With all that said, I do hope our luck improves in the coming days and weeks. We are overcoming each obstacle with a sort of clumsy grace, but they still feel like obstacles. We are crying sometimes and getting tense other times, but mostly we are just sticking together and making each other feel better. I'm so excited to show everyone what we've rehearsed and installed. Giving a preview and having extra rehearsal time made me feel much more prepared and excited to put our process on display. 

I'm also really excited because this week I have a job interview, I have a physical therapy check up for my neck, and on Thursday I'm going to Omaha for my cousin's Bar Mitzvah. I'm so excited to see my whole family at home home! I also have plans to attend the Applied Mechanics FEED workshop with UMS. My NELP instructor Becky Wright emailed me asking me to come and told me to bring Call Your Mom. I'm going to try my best to get everyone to come, but I understand that folks are often busy. I'm a little behind in my Printmaking class. The power outage and my parent's visit made it difficult to get to North Campus for long enough to turn in my assignment that was due, but my professor was nice about  it.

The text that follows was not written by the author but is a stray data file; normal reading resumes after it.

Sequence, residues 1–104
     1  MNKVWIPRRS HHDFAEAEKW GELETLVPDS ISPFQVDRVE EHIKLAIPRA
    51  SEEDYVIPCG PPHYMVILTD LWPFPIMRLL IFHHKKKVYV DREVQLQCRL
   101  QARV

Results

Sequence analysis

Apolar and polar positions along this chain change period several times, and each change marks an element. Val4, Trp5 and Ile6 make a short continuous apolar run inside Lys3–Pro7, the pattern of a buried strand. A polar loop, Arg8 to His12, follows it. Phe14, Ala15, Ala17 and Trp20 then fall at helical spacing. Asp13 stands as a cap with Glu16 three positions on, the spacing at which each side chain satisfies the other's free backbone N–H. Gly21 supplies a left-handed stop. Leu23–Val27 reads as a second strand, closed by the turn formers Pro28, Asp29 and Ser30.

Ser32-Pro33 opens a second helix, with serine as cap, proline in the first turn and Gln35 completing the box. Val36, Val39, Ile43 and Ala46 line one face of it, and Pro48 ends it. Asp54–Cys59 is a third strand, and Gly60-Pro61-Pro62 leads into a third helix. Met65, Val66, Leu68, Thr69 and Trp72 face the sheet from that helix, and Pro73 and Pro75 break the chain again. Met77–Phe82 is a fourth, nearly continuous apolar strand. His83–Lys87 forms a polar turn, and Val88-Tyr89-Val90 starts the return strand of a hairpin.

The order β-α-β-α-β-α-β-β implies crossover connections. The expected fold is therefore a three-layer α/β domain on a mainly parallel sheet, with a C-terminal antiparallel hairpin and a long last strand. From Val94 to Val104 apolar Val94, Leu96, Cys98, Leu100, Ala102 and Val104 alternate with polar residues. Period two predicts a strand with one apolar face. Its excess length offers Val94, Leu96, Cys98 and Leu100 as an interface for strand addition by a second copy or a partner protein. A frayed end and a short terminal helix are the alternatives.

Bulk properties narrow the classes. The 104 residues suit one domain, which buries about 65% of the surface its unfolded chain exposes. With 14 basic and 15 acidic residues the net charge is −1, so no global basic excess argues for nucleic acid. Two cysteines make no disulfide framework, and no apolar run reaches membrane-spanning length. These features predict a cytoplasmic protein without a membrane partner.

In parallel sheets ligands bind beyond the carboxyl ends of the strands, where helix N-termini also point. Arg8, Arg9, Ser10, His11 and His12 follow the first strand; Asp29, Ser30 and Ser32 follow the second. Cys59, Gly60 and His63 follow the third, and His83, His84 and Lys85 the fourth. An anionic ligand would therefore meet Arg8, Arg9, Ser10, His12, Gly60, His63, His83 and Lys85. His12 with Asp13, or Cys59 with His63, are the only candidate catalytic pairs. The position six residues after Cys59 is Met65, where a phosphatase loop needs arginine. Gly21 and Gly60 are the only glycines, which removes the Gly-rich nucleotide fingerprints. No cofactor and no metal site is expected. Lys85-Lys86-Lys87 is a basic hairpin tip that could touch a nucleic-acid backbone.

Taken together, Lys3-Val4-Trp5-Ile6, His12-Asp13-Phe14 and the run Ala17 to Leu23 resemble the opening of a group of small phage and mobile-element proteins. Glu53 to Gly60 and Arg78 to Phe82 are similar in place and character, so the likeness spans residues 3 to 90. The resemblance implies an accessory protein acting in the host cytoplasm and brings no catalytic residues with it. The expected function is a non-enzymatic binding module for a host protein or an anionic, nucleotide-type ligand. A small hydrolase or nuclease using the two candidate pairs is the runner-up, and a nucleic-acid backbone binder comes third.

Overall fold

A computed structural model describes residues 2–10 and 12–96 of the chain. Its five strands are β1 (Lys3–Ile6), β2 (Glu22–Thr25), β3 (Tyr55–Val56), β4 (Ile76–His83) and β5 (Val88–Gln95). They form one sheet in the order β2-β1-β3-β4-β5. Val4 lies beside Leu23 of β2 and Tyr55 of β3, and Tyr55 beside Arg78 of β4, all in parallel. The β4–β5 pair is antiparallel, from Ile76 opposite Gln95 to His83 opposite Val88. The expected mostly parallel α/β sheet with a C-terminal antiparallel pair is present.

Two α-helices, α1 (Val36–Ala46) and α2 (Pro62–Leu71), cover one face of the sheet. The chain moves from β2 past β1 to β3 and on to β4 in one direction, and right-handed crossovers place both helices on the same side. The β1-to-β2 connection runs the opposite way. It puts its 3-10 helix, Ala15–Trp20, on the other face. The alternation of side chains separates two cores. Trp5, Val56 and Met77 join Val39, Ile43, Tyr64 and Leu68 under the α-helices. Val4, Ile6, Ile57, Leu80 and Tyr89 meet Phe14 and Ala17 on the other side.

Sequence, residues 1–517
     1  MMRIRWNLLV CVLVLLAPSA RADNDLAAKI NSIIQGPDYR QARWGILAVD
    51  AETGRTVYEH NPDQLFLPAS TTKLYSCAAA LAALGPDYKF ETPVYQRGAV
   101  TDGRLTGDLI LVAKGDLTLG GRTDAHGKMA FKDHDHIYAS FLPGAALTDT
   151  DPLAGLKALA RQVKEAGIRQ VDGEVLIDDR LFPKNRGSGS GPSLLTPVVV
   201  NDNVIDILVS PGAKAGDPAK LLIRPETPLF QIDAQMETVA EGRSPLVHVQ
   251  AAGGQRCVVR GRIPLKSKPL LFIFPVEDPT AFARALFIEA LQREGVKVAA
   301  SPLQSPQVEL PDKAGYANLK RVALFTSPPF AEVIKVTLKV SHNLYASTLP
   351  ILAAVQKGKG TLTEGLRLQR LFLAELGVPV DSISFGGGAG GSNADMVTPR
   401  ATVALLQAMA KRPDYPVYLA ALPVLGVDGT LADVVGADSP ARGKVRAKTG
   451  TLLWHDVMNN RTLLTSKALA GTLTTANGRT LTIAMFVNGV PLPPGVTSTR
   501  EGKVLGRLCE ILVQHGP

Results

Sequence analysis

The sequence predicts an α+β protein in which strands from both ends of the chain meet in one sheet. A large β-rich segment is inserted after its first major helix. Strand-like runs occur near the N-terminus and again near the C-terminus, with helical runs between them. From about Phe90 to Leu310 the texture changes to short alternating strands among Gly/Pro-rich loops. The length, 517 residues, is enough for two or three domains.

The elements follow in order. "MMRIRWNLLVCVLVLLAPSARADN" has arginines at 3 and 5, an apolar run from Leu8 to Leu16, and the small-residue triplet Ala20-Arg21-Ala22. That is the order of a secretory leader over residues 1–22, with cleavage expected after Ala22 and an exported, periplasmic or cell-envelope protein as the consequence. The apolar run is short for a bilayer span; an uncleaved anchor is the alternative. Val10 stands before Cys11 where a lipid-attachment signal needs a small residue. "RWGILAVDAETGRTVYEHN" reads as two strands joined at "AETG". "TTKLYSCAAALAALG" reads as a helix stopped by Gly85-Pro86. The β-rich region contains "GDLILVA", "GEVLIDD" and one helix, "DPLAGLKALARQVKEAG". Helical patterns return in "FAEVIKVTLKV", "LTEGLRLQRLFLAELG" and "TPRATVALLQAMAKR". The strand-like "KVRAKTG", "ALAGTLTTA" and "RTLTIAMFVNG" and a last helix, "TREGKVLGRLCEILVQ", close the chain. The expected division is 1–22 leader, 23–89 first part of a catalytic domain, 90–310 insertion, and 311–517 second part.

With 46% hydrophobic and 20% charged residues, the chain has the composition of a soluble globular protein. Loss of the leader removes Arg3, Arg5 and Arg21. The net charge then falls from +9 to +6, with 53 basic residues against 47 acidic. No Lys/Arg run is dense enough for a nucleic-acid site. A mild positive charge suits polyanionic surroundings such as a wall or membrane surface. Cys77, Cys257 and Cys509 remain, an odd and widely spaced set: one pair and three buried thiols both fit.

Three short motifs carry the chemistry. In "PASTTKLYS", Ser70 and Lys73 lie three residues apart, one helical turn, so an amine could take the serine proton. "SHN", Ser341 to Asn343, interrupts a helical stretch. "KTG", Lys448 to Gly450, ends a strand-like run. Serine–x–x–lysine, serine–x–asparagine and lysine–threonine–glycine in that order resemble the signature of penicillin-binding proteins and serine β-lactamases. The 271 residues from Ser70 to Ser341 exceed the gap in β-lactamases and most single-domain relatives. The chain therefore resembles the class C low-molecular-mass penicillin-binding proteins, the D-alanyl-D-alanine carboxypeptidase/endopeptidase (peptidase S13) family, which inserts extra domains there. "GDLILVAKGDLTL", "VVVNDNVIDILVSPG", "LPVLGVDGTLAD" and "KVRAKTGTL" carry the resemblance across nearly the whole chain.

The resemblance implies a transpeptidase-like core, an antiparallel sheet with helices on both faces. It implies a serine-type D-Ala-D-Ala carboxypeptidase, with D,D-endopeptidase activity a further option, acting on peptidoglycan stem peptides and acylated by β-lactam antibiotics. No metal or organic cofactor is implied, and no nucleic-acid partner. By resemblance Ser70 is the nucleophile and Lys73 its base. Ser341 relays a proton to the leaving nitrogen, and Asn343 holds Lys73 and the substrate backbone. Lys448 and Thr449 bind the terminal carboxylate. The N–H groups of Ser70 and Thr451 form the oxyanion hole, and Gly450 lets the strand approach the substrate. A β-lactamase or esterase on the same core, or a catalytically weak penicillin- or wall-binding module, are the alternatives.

Other than that, hmmm... I'm very excited for what is to come.

blog blog blog all day long

hey. I don't feel like writing today. Can I do something else instead? I keep putting myself out there as a WRITER... like a straight up writer, not interdisciplinary or performed or anything. And I keep falling on my face. Failing is good. It doesn't feel good, but it is good. I love my ideas and the way they sit inside my head. On paper they hurt, myself and others sometimes. They aren't understood the way I want them to be understood. Is that about the audience? Is that about the time spent? Is that about the endless sense of misunderstanding in this world? My head makes sense to me. My written thought is verbose and often overly poetic. See there. My written thought is assonant, slam. Uh huh. I am simultaneously mimicking Lin Manuel Miranda and trying to get as far away from Broadway as possible. The world doesn't need all my self-pity and instability these days. It has its own, but anyway. I will keep writing. I will keep writing because it helps me with control. I love to abandon and rediscover the innards of a sentence until it says what I mean (at least for the moment). That's why I will not give up writing.